MEMORANDUM OPINION AND ORDER
GUZMAN, District Judge.
First National Bank ("FNB") has sued El Camino Resources, Ltd. ("El Camino") for breach of a security agreement and default of a loan. Before the Court is El Camino's motion to dismiss for lack of personal jurisdiction pursuant to Federal Rules of Civil Procedure 12(b)(2) and (3), or, in the alternative, to transfer the action pursuant to 28 U.S.C. § 1404(a). For the reasons set forth below, the Court denies both motions.
FNB is a nationally chartered bank with its principal place of business in Illinois. (Compl. ¶ 1.) El Camino is a California corporation with its principal place of business in California. (Id. ¶ 2.) On October 21, 2004, FNB loaned money to El Camino to fund an equipment lease that El Camino made as lessor to Cyberco Holdings, Inc. (the "Cyberco lease transaction"). (Id. ¶¶ 6, 8.) To obtain the loan, El Camino contacted banks it had worked with in the past, as well as an Illinois broker, John Sweeney of S & S Financial. (Def.'s Mot. Dismiss 8.) It was Sweeney who put El Camino in touch with FNB for the purposes of the loan at issue. (Id.) The non-recourse promissory note memorializing the loan has a maturity date of August 1, 2007 and provides for eleven quarterly payments commencing on February 1, 2005. (Compl.¶7.) FNB alleges that El Camino breached the corresponding security agreement and defaulted on the loan by failing to obtain good title to the collateral and by failing to have the collateral delivered to and accepted by the lessee and kept at the lessee's address. (Id. ¶16.) El Camino, along with numerous other businesses, was allegedly defrauded by Cyberco Holdings, Inc., in a scam that is currently under investigation by the U.S. Department of Justice. (Id. ¶17.)
When a motion to dismiss is to be decided solely on written materials, the plaintiff need only make a prima facie case for personal jurisdiction. Neiman v. Rudolf Wolff & Co., Ltd., 619 F.2d 1189, 1190 (7th Cir.1980). In doing so, "all well-pleaded jurisdictional allegations in the complaint are accepted as true unless controverted by affidavit." Travelers Gas. & Sur. Co. v. Interclaim (Bermuda) Ltd., 304 F.Supp.2d 1018, 1021 (N.D.Ill.2004). "Any conflicts in the pleadings and affidavits are to be resolved in the plaintiff's favor, but the court accepts as true any facts contained in the defendants' affidavits that remain unrefuted by the plaintiffs." Interlease Aviation Investors II (Aloha) L.L.C. v. Vanguard Airlines, Inc., 262 F.Supp.2d 898, 905 (N.D.Ill.2003); see also RAR, Inc. v. Turner Diesel, Ltd., 107 F.3d 1272, 1275 (7th Cir.1997).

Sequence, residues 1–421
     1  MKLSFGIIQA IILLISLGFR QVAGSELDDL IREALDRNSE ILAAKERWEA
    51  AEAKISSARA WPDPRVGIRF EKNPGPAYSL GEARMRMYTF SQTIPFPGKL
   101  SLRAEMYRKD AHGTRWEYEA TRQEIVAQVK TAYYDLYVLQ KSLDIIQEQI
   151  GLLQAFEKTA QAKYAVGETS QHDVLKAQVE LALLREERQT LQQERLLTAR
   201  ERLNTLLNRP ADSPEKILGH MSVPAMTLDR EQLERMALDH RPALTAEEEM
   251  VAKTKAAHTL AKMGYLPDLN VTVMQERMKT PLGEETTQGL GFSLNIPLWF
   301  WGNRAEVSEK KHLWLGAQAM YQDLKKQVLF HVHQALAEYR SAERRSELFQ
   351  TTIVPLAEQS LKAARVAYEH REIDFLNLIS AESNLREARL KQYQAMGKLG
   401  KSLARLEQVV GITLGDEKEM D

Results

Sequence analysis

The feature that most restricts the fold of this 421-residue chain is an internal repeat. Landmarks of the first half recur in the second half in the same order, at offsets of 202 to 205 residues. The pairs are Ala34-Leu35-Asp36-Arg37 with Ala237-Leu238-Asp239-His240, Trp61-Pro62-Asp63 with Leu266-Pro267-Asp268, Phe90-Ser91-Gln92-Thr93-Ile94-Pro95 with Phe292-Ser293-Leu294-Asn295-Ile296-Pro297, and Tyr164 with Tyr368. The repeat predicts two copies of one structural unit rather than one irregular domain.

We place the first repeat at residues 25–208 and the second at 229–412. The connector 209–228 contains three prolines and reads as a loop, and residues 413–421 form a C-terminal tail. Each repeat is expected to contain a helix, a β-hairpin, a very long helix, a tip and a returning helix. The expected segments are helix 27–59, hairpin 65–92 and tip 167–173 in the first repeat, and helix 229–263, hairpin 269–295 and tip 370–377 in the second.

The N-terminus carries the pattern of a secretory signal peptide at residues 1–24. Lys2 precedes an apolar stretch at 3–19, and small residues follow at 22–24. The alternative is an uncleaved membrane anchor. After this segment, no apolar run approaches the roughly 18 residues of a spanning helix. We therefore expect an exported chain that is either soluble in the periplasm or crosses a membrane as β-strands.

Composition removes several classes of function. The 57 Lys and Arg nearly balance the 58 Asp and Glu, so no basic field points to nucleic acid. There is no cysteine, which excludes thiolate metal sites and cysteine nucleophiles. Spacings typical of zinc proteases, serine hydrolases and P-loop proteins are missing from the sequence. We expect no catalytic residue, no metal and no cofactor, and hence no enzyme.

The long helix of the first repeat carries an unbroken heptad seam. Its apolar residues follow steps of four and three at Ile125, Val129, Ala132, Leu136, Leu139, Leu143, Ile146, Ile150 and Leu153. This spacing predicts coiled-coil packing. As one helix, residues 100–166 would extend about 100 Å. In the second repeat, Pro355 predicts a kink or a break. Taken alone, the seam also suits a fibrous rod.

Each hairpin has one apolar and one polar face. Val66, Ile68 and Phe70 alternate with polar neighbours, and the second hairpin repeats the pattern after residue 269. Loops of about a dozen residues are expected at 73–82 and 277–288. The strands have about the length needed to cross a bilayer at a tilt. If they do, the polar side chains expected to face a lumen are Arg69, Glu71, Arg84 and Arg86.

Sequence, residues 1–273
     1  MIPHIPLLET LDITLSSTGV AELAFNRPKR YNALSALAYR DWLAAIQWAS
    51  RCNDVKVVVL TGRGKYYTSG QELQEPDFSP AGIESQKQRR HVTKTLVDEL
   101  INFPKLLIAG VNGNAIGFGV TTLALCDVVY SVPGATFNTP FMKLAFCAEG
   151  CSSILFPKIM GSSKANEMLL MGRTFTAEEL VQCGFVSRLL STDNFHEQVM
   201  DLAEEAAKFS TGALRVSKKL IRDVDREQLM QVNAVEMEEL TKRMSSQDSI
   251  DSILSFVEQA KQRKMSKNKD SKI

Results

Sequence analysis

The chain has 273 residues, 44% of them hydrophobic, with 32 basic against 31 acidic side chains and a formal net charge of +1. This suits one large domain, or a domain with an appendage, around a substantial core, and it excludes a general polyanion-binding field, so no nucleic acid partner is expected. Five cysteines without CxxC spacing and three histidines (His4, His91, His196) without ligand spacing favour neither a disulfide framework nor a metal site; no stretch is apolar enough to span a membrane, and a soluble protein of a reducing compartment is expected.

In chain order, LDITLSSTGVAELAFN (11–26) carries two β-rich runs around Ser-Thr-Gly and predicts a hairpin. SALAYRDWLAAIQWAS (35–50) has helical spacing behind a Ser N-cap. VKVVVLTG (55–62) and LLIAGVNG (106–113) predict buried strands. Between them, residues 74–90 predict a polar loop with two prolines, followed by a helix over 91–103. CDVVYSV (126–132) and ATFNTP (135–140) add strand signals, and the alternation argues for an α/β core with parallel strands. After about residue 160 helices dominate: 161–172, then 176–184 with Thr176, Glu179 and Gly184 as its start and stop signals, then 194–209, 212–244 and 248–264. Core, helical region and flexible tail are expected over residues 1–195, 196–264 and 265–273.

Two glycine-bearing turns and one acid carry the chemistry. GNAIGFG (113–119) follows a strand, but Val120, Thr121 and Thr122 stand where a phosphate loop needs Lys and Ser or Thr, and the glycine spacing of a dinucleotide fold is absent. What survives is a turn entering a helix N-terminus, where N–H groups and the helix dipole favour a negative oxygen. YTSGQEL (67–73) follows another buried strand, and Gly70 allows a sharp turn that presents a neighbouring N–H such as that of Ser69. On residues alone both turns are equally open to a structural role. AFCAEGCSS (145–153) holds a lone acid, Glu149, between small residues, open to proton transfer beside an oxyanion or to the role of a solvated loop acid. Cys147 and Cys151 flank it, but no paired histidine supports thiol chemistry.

Two inquiries are necessary to determine if an Illinois court can exercise personal jurisdiction over a nonresident defendant: (1) whether Illinois' long-arm statute permits in personam jurisdiction and (2) whether the assertion of jurisdiction under the long-arm statute would be inconsistent with due process. Daniel J. Hartwig Assocs., Inc. v. Kanner, 913 F.2d 1213, 1216 (7th Cir.1990). Under Illinois' long-arm statute, Illinois courts may exercise jurisdiction on "any other basis now or hereafter permitted by the Illinois Constitution and the Constitution of the United States."
"[G]eneral jurisdiction allows a defendant to be sued in the forum regardless of the subject matter of the litigation." Purdue Research Found. v. Sanofi-Synthelabo, S.A., 338 F.3d 773, 787 (7th Cir. 2003). It is permitted "only where the defendant has continuous and systematic general business contacts with the forum." Id. (quotations omitted). "Those contacts must be so extensive as to make it `fundamentally fair to require [defendant] to answer in any [Illinois] court in any litigation arising out of any transaction or occurrence taking place anywhere in the world.'" Travelers Cas., 304 F.Supp.2d at 1025 (quoting Purdue Research, 338 F.3d at 787). Several factors are considered in making this analysis:
Interlease Aviation Investors, 262 F.Supp.2d at 906-07. General jurisdiction is a demanding standard that is "considerably more stringent than that required for specific jurisdiction." Purdue Research, 338 F.3d at 787; see Griffith v. Wood Bros., No. 04 C 3118, 2004 WL 2418296, at *8 (N.D.Ill. Oct.27, 2004).